Requiem for the Forest Giants HD

A Tribute to Our Lost Heritage


Requiem for the Forest Giants Giant Redwoods in a Lumber Yard Cold Deck, 1960, Humboldt County, California. From Requiem for the Forest Giants, a short video excerpted from "Wasted Woods" 1964 by Harvey a short video paying tribute to the lost heritage of the ancient redwoods cut down in the clear cutting frenzy of the 1960s.  

Over the years since 1987, working in the Harvey Richards Media Archive, I have felt moved, almost haunted, by my father’s forestry images and films. With global warming now in full swing, forests and whole towns are burning down around us in the excessive summer heat and dryness, forcing us to flee the choking air that covers the cities up and down the west coast. The prophetic nature of these images in Requiem for the Forest Giants of the destruction of the western forests has become crystal clear. Giant redwoods were cut down and stacked in immense cold decks in lumber yards waiting to be sawed up into lumber for our suburban sprawl. Now gone, the redwood giants were laying like corpses in a grave, a tragic record of our foolishness and greed. What has taken the place of these ancient trees is a planet in trouble. These images of the deforestation of the west coast show how it happened.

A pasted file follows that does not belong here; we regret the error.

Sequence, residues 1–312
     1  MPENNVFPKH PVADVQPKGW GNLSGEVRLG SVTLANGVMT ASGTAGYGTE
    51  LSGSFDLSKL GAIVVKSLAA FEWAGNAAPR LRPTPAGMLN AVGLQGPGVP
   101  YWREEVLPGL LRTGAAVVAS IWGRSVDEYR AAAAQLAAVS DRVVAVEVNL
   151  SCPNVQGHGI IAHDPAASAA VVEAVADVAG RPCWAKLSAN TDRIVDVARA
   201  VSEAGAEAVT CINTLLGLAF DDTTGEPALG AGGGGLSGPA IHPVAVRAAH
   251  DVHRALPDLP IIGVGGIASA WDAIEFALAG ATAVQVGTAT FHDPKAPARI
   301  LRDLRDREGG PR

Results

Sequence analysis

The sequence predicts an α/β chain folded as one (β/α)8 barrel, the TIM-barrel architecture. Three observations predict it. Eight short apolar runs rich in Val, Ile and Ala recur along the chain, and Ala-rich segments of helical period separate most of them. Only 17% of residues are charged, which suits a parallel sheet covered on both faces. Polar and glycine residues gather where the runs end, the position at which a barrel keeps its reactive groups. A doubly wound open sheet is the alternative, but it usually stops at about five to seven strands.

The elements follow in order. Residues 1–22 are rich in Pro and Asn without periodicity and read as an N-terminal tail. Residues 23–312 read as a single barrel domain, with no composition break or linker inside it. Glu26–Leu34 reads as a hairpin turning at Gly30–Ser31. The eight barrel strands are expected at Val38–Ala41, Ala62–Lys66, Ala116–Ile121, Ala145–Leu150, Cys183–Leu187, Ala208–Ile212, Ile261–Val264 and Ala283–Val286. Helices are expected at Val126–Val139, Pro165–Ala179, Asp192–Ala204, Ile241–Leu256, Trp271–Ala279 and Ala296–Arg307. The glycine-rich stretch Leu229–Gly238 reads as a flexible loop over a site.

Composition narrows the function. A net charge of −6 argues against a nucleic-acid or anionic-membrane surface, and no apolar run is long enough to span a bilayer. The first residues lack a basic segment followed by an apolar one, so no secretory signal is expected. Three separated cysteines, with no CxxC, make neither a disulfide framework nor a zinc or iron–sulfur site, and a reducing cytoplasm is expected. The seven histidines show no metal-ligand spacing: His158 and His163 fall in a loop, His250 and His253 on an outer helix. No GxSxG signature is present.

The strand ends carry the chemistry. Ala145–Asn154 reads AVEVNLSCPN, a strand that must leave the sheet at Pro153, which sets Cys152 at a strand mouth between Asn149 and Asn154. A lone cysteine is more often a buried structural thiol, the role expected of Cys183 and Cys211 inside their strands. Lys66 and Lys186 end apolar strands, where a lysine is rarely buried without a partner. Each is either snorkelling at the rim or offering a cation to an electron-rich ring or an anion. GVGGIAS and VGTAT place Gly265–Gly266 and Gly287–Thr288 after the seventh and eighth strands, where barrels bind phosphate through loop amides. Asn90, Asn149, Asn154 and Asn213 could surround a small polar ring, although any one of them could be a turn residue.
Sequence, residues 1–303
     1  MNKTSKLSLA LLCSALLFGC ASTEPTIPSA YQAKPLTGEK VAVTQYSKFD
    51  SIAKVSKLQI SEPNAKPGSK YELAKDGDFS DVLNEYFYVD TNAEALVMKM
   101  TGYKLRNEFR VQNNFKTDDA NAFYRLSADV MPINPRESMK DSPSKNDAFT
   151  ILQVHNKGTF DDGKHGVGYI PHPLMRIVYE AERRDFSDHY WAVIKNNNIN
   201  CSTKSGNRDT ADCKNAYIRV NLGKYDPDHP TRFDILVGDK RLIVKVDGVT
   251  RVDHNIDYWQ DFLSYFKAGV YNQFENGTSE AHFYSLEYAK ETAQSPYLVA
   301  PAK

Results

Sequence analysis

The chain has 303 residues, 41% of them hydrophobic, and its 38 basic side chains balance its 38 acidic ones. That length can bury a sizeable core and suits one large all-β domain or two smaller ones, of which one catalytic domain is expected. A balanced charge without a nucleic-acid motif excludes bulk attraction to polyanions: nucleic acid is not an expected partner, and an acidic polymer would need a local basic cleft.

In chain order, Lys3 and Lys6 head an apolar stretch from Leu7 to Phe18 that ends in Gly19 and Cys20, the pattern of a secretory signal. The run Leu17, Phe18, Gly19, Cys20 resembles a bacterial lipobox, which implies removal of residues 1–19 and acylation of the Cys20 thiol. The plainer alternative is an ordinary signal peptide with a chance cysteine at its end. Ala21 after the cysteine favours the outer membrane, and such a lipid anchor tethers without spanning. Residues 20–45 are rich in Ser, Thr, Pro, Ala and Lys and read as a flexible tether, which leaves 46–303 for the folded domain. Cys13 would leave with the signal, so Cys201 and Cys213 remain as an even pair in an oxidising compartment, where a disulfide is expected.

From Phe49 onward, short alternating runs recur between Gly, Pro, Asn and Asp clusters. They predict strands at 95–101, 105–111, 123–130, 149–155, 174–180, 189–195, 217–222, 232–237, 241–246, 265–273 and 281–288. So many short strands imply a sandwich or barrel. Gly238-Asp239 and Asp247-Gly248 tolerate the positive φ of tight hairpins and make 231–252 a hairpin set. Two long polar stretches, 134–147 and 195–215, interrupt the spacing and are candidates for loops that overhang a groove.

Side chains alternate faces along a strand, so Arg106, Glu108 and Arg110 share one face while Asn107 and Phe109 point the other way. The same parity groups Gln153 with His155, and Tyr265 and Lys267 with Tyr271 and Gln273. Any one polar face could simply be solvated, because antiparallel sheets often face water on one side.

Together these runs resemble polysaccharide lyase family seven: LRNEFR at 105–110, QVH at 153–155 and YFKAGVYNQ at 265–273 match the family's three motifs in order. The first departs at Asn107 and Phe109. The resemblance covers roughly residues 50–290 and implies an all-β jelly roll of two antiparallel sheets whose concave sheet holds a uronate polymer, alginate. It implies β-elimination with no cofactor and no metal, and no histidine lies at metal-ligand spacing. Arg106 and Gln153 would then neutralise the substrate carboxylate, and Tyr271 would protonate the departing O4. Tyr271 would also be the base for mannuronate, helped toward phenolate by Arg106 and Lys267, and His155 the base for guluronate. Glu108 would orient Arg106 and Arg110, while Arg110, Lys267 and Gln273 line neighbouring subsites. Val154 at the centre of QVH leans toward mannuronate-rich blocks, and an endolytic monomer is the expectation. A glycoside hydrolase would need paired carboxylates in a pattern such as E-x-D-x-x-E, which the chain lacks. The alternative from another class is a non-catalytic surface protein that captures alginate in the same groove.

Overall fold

Harvey’s work as a photographer began when he found a way to help movements and causes that were close to his heart. From the 1950s until through the 1960s, he focused on laborcivil rights and peace. As time went on, he turned with increasing frequency to his forestry photography. Back then, it didn’t seem to have the urgency of war and the battles in the streets. Yet in retrospect, it had greater urgency than most of us realized. Images of reckless logging and the gutting of forest ecosystems that took millenniums to create now serve as a chilling call to action, a demand to stop the wrecking of our natural environment.


Requiem for the Forest Giants HD — 1 Comment

  1. This was great. It’s amazing that people think constant consumption of our world will not really effect its viability. When you see this and imagine thousands of years of increases in consumption like this it’s pretty clear this is not sustainable. On top of that I wonder what has been lost since 1964.

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